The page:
I’m not going to be pretend that the situation we find ourselves in is a massive opportunity. I know it’s important to focus on the positive, and I do, but let’s not pretend that the current situation bought on by the covid-19 pandemic isn’t pretty dire, because it is.
And so many people are doing so many good things – selflessly volunteering to serve communities and support the NHS.
So I felt pretty bad that I wasn’t closing my business, leaving my kids to fend for themselves (they are in high school) and getting out there too. I COULD have furloughed myself – the vast majority of my work has temporarily disappeared. Large corporates have (quite rightly) suspended all non-essential training.
BUT the thing about working for myself for 14 years means that I’ve been through tough times before. And those tough times taught me to adapt. The last time corporate work was thin of the ground, I started the Training Designer’s Club. The time before that I created some online courses about how to design training. The time before THAT I created ready-written Power Hour training materials to sell to other trainers.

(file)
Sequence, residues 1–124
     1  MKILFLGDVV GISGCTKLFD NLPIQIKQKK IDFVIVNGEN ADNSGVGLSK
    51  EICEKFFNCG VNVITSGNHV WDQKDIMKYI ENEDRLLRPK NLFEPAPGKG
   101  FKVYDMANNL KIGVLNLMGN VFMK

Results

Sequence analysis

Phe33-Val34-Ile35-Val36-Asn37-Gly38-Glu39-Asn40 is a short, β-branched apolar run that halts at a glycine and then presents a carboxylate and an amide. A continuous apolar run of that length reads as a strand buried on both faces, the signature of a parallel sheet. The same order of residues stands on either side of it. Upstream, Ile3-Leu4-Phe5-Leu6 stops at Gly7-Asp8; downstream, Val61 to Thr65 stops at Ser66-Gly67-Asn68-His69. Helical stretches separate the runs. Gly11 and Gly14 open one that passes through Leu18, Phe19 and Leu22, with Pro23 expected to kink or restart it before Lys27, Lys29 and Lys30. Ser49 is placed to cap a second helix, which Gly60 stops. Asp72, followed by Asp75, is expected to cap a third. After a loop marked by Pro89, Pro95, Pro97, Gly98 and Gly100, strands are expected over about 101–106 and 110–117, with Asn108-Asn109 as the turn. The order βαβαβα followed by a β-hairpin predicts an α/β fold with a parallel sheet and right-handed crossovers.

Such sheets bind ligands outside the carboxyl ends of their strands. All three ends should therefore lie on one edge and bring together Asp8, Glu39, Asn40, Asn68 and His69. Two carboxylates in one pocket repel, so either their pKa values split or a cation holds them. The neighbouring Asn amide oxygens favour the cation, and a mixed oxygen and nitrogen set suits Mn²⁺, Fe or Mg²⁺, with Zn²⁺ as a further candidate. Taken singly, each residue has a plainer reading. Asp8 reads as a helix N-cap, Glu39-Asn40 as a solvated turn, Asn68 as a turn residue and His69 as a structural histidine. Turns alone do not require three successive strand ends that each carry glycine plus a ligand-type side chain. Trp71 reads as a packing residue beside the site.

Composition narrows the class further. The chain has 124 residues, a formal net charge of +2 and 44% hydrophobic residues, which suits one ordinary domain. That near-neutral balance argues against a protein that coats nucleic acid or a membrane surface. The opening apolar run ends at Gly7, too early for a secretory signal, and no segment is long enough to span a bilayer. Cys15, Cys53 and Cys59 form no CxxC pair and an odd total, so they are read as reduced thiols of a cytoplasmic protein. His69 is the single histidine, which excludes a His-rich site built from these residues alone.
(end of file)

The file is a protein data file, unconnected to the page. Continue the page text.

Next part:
So although my earnings may be very depleted, I’m full of ideas. A selection of my Power Hour sessions are being converted so they can be delivered virtually.
But perhaps more crucially, I’ve realised that by continuing to work, I’m helping others to continue to work – whether they are self-employed, or employed and suddenly finding themselves alone. Providing resources, coaching, general support and a sense of community is allowing people to keep going when otherwise, they may not. We’re tackling those important but not urgent projects that have been hanging around forever, we’re adapting our training services, we’re practising new skills on each other and we’re sharing helpful resources. We’re giving each other confidence and hope.
It’s the same reason why I’m proud to be supporting the Trainer Talk Community by still running Trainer Talk Local meetings – albeit remotely. The opportunity to connect, share, ask for help and provide advice to others may just be the difference between a small business keeping going thought these difficult times or not.
I know that in the grand scheme of things, keeping a small training business going isn’t important. But it IS important to my mental health and it means I’m NOT relying on the state, when the state has enough to worry about. In addition I like to think that I’m playing a VERY small part in preparing for a time when the world can return to business as usual – whatever the new “usual” will be.